Look, just because we're mostly all gross pillbugs on the dirty kitchen floor of life doesn't mean that we always have to take potshots at the people who aren't eating crud for breakfast. It's a weird phenomenon where we take guys like Craft, Tebow, or even someone like Tim Duncan, and rip them apart for not being as miserable and churlish as we are. We know they don't deserve it, but we're so insecure in our own lives that we just. Can't. Help. It.

"They let him get away with everything."

This one is fun, because it's the easiest to take apart. Black Heart Gold Pants had an especially butthurt piece up about Aaron Craft back in November, and it's been a rallying cry for all who hate the kid that he's only good because he gets away with everything, unlike every other player on the court.

Which is funny, because I wonder if any of these perceived fouls were ever called during the course of an Iowa basketball game. Maybe, maybe not, but the truth of the matter is that yeah jerks, I'll admit that Aaron Craft has his share of hand checks and whatever that are never called which contributes to the perception that he's good at the sport of basketball.

Just as long as you admit that literally every other player attempts to get away with exactly the same fouls in the same manner every single time that they step on to the court.

Here's the thing: Thad Matta's teams are some of the most least-penalized squads in terms of fouls on a yearly basis. If you want to indict Craft, you have to indict the entire team.

"He actually kind of sucks."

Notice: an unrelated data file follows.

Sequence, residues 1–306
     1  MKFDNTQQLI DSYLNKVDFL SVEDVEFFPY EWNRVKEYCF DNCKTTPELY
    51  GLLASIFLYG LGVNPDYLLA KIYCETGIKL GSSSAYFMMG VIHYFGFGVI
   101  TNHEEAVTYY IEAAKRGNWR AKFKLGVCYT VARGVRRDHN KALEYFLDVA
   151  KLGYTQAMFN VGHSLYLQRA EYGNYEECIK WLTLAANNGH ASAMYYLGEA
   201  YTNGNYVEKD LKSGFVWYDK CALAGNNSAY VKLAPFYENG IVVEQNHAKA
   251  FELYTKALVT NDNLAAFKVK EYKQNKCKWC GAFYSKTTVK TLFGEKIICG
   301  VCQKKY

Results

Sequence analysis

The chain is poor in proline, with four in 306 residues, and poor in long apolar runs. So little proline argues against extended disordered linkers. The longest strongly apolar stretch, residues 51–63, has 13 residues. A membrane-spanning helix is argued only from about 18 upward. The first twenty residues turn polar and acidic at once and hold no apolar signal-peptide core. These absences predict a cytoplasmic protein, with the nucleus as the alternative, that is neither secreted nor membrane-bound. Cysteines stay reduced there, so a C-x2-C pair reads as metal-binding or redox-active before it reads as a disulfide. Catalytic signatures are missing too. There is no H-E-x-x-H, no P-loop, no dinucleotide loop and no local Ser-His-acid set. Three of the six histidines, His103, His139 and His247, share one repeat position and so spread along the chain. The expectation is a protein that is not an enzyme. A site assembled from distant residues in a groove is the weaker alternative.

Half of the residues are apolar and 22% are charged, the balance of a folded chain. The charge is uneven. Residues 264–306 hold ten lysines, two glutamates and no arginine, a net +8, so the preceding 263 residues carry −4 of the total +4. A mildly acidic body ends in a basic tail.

Ah, the last refuge of the desperate. Aaron Craft is who he is, a below average shooter with incredible man defense who hits just enough clutch shots to make you really mad during Big Ten season. But he doesn't suck; no one racks up that many steals or shuts down that many premier offensive players without having at least a small amount of basketball magic running through their veins.

Sometimes we need guys like Aaron Craft and Tim Tebow and David Robinson and LeBron James and whoever else we're mad at this week to suck. We know they don't, but them having a bad game or season or career justifies our reflexive dislike of the media attention that they get. Did Aaron Craft ask ESPN to take all that video of him solving a Rubix cube? Did Aaron Craft force the color commentators of basketball games to wax on about his leadership over and over? Is there a contractual obligation for networks to plaster Aaron Craft's sterling academic record everywhere?

No, but there he is, being all awesome right in our faces by doing something we can't or didn't do when we had the chance. Because really, that's what Aaron Craft's legacy of madness is all about. It isn't jealousy, or real hatred, or anything that base.

It's more an acknowledgement that we could've had it all too, if we had similar luck and drive. Some people take that as inspiration to push themselves to do better things in their lives. Others see it and get Real Mad on the internet. At the end of Aaron Craft's career, I'm choosing the former.